Recently I got to hear a student sing her own translation of “Friday” by Rebecca Black into ancient Greek. Only slightly less impressive is the Chinese version by dawen (@_dawen_) on YouTube, which I learned about the same day (thanks to a retweet by @MandarinSx of a tweet by @EastAsiaStudent). The video is subtitled in tradtional characters, but the artist has added simplified and pinyin lyrics to the description. Apart from all the days of the week, a good thing for beginning students of Chinese to listen for is all the “location” expressions with 在. There’s 在前面，在后面，在右边，and the question 在哪儿. More advanced students can listen for the places where the lyrics are not a literal translation of the English.
In the movie Red, Bruce Willis speaks a line of Chinese, but I couldn’t figure out what it was (the subtitles in the YouTube clip below don’t seem to match with what he’s saying and the DVD I watched didn’t include anything for this line in the subtitles). After listening a bunch of times, I thought he might be saying 几年前我住 / 幾年前我住 … If that’s right the rest should be 在 somewhere, but it doesn’t sound like 在 and the place doesn’t sound like anything obvious like 中国 / 中國 or 香港. The line comes in the context of a surprising reference to the Harvard Yenching Classification System (for cataloging library books). I was sorry that the characters did not actually go to the Harvard Yenching Library, but I do not believe filming is allowed there in any case. Update: 谢谢 to commenter Tima for clarifying that the place where Bruce Willis’ character said he lived was 武汉 / 武漢 … [read more]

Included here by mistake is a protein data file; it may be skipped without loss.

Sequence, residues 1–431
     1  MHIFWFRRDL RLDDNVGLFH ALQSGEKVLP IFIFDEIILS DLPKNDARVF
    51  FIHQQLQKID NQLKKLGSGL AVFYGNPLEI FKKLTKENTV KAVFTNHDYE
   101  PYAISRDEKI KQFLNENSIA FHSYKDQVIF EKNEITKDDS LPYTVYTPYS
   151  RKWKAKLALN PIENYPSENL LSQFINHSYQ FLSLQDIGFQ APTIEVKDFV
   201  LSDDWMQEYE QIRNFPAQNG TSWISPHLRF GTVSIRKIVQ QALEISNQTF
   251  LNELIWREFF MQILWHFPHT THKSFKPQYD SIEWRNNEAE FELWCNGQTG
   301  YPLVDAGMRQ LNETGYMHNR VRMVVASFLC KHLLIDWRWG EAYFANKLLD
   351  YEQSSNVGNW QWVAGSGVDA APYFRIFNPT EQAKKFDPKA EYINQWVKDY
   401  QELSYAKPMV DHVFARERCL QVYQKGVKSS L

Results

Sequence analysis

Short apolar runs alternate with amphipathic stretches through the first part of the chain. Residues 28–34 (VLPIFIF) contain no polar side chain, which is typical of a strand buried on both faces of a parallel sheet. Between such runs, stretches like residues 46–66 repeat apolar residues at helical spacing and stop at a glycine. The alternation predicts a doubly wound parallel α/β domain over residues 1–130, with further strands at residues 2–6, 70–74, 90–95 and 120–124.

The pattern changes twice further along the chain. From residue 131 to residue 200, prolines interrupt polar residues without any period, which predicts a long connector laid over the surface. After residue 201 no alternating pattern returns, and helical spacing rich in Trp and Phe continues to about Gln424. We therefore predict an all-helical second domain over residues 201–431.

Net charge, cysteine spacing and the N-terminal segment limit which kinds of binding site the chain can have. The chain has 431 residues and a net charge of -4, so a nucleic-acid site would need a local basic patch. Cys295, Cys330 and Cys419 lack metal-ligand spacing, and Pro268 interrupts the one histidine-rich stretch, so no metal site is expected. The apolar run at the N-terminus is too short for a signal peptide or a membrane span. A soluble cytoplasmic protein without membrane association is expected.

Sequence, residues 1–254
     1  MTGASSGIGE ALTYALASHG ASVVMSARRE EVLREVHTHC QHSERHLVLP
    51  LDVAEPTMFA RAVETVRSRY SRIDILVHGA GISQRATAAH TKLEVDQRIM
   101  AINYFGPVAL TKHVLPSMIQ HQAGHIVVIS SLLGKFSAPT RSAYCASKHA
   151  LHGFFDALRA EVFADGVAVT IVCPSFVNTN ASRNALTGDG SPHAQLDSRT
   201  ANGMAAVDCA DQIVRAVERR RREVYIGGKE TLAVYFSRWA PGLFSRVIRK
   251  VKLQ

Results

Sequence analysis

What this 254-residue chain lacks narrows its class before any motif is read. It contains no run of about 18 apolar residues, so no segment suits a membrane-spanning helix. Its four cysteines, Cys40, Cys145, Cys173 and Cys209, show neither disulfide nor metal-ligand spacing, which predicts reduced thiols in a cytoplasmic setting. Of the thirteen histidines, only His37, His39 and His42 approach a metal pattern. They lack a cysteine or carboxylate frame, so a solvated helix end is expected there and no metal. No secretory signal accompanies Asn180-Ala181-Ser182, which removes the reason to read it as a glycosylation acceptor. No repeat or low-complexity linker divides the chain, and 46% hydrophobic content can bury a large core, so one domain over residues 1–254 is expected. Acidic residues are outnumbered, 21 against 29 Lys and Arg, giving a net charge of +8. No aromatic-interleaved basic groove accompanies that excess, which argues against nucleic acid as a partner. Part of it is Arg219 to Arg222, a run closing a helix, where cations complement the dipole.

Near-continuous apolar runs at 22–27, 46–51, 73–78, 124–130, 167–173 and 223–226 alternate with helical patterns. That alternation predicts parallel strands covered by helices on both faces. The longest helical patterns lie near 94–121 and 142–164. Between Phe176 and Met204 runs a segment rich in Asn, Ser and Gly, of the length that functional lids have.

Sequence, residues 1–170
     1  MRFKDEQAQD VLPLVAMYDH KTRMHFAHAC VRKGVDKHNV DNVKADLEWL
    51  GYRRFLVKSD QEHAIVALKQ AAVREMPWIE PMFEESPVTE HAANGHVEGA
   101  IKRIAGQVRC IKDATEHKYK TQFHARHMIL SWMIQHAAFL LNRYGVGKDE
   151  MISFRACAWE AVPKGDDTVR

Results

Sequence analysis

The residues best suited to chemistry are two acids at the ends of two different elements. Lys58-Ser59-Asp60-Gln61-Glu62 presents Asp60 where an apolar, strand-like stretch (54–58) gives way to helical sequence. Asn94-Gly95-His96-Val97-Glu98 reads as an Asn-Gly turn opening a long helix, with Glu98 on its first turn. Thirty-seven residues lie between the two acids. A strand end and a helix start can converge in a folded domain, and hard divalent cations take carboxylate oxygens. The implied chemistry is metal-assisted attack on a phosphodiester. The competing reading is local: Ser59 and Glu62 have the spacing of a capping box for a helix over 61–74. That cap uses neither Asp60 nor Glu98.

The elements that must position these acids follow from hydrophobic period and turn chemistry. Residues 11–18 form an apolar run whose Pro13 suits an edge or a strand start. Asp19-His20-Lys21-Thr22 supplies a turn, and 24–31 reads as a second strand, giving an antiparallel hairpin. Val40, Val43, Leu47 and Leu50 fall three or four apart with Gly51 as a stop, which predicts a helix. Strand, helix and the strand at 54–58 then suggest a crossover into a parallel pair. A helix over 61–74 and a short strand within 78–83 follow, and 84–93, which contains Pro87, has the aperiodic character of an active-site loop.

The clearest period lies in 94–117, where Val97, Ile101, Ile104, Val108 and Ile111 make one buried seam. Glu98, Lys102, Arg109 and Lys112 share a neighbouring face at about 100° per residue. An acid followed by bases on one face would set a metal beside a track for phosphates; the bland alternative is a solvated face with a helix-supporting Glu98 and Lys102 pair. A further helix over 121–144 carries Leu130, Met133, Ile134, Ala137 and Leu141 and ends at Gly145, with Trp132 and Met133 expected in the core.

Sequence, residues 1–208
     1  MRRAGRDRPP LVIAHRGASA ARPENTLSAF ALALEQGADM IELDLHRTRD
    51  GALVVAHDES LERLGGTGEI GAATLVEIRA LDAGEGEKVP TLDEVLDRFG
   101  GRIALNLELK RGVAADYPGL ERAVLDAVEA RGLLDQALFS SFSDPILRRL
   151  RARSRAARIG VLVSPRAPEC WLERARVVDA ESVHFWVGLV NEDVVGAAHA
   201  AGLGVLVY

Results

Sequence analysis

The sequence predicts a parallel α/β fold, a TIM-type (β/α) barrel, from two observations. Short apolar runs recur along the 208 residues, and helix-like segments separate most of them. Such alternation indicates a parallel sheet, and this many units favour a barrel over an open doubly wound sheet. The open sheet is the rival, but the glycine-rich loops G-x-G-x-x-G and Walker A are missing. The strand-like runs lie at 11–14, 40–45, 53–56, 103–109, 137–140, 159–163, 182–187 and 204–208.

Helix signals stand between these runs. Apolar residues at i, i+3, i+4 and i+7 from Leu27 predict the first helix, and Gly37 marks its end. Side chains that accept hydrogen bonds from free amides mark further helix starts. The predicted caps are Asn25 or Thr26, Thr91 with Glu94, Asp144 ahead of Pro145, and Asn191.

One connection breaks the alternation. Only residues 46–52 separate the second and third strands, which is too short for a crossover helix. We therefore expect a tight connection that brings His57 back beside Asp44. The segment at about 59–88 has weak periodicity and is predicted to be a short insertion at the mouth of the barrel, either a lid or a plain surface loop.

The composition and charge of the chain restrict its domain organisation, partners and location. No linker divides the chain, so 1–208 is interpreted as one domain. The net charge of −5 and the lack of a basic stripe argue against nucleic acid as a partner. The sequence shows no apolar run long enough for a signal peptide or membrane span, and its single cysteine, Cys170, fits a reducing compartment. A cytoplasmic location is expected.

This is a very entertaining parody of Lady Gaga’s “Bad Romance” made by the Hui Zheng lab. They actually sing a few lines of Chinese in the video (at about the 3:50 mark). The lines (which are a translation of the previous few English lines in the song) are: 我要工作。wǒ yào gōngzuò. 我也要自由。wǒ yě yào zìyóu. 我要工作。wǒ yào gōngzuò. 但我没有学位。/ 但我沒有學位。dàn wǒ méiyǒu xuéwèi. Thanks to a good friend who does medical research for sending me the link to this video. Warning: some mild profanity. You probably saw the test tubes labeled with Chinese characters at about the 2:35 mark. Look more closely at those in the image below. Can you read what they say?